I have been too busy the last two weeks to do much reading and blogging. Hopefully I can get back into the routine and get Reality is Broken wrapped up in the next week or so.
Chapter Ten is entitled "Happiness Hacking: How alternate realities can help us adopt the daily habits of the world's happiest people." I must say that that final bit didn't set well with me. I'm not a huge fan of "happiness," largely because it is dependent upon circumstance (its connection with "happenstance."). I'm more interested in joy as a state-of-mind. And in other reading (and teaching for tonight's adult-ed) I am reminded of felicity, which includes a component of skill. That, of course, could connect to what McGonigal is writing about -- developing the skills.
On a positive note, I was pleased that she criticizes self-help stuff. It rarely works. We need collective activity to improve our happiness levels. "Positive psychology has shown that for any activity to feel truly meaningful, it needs to be attached to a much bigger project or community."
She also points out that for many people happiness is viewed as inauthentic or corny.
So, she has developed games as a way to develop happiness skills and levels. She calls this Happiness Hacking and defines it as "the experimental design practice of translating positive-psychology research findings into game mechanics." The bulk of the chapter discusses various real-world happiness hacks she has designed. The first one is Cruel 2 B Kind and is supposed to improve our treatment of random strangers.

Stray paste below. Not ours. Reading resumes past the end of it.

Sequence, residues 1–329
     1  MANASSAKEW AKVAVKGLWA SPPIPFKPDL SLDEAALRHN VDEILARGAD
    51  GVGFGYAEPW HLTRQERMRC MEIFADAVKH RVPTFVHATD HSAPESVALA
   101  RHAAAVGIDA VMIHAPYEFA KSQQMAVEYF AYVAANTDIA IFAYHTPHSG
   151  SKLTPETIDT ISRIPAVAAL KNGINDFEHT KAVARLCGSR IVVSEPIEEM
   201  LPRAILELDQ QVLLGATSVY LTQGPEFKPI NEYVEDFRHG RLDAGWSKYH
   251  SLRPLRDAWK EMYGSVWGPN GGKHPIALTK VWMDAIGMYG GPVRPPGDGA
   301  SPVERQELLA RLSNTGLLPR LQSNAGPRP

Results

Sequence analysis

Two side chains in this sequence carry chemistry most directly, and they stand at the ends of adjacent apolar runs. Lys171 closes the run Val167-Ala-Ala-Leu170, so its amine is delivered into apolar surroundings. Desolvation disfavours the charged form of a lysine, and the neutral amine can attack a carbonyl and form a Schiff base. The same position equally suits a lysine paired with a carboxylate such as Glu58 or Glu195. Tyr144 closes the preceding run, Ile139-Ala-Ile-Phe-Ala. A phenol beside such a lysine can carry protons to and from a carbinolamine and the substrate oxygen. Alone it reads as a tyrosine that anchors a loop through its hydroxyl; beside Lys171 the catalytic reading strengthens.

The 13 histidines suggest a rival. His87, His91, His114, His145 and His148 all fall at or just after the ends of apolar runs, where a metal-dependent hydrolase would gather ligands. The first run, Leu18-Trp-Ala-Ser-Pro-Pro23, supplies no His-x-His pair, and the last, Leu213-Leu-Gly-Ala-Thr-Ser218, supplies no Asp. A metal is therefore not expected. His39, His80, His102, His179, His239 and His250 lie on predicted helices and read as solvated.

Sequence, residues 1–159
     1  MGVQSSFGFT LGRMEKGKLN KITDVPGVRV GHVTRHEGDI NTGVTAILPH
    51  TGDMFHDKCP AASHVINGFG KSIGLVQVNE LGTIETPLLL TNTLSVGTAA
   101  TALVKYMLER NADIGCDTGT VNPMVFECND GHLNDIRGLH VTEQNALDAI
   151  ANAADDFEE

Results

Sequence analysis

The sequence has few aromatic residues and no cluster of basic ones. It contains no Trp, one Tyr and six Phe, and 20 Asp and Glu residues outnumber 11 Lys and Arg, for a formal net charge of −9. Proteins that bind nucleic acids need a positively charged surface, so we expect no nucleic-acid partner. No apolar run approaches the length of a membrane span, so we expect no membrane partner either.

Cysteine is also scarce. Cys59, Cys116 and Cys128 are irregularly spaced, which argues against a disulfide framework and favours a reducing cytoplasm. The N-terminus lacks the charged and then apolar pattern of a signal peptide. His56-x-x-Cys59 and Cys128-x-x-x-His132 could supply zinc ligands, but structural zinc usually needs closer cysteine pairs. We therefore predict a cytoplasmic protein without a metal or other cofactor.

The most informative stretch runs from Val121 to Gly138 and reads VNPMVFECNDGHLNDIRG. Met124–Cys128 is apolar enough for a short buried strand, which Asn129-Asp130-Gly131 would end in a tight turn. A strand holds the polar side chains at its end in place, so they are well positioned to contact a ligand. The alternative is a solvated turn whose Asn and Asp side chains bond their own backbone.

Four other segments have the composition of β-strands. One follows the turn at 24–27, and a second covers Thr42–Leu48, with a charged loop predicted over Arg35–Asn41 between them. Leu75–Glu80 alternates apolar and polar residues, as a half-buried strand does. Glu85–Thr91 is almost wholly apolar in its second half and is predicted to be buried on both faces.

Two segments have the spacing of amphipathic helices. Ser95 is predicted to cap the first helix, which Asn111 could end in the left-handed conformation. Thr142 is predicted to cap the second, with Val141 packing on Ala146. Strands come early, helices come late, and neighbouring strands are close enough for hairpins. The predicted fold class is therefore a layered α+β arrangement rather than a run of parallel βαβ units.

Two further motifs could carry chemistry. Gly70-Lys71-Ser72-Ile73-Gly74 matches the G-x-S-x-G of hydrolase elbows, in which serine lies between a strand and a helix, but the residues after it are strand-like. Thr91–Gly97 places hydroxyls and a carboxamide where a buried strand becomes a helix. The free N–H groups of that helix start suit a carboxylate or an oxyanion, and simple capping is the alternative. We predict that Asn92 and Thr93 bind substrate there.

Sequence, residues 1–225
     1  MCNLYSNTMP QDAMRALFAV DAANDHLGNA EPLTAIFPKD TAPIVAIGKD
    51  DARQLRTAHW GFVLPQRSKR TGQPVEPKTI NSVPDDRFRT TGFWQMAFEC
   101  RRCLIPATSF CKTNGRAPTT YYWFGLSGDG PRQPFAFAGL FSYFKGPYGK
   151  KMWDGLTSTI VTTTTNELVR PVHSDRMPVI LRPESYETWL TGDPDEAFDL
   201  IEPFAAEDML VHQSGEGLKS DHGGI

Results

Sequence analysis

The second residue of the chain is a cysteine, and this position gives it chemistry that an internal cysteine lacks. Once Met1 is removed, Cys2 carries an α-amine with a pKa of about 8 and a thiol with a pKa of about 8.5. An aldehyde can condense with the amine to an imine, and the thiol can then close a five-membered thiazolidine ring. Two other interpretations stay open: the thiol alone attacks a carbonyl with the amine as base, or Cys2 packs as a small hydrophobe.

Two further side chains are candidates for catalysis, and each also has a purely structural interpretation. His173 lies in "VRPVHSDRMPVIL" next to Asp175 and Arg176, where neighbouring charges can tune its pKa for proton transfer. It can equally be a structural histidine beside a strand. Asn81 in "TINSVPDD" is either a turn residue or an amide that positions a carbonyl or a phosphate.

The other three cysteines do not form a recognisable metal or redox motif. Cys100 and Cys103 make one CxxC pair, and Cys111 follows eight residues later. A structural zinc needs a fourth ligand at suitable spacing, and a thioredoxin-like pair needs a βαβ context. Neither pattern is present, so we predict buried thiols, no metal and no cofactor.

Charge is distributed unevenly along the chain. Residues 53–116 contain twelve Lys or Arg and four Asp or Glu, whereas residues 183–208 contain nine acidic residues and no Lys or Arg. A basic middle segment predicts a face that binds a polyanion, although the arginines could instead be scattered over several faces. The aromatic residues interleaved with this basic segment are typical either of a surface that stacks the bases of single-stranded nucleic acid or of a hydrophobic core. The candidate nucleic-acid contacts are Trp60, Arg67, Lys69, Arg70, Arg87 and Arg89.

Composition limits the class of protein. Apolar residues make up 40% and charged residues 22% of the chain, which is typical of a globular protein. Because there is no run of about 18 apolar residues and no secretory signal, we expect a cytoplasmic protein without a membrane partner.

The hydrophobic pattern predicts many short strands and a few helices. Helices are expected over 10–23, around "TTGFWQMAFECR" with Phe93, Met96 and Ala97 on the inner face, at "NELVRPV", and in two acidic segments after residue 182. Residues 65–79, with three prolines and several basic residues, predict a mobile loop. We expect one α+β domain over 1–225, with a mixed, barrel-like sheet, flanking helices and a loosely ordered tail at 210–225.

The second is Tombstone Hold 'Em, a poker game to be played in cemetaries with one goal to get us to think more about death. Thinking about death actually makes us happier, according to positive pscyhology research. There are some interesting points about how game mechanics might connect with mindfulness, grief, and facing death.
The third is Top Secret Dance-Off, which tries to get us to dance more, which is another activity that positive psychology finds laden with benefits. I always enjoy watching Ellen dance on her show and usually take the moment to join in.
I wondered about increasing dance opportunities at church (we already have some). I for one have generally found attempts to lead a worshipping congregation in dance moves to be a little ridiculous (talk about corny). I have never been on the leading end of that stick, but on the congregant end during General Synods and such.
Dancing with others, in particular, requires trust, which is one reason it has such positive benefits. She also writes, "dancing with others is a chance both to receive and to express our compassion, generosity, and humanity." So, we could approach dance as a spiritual practice of care!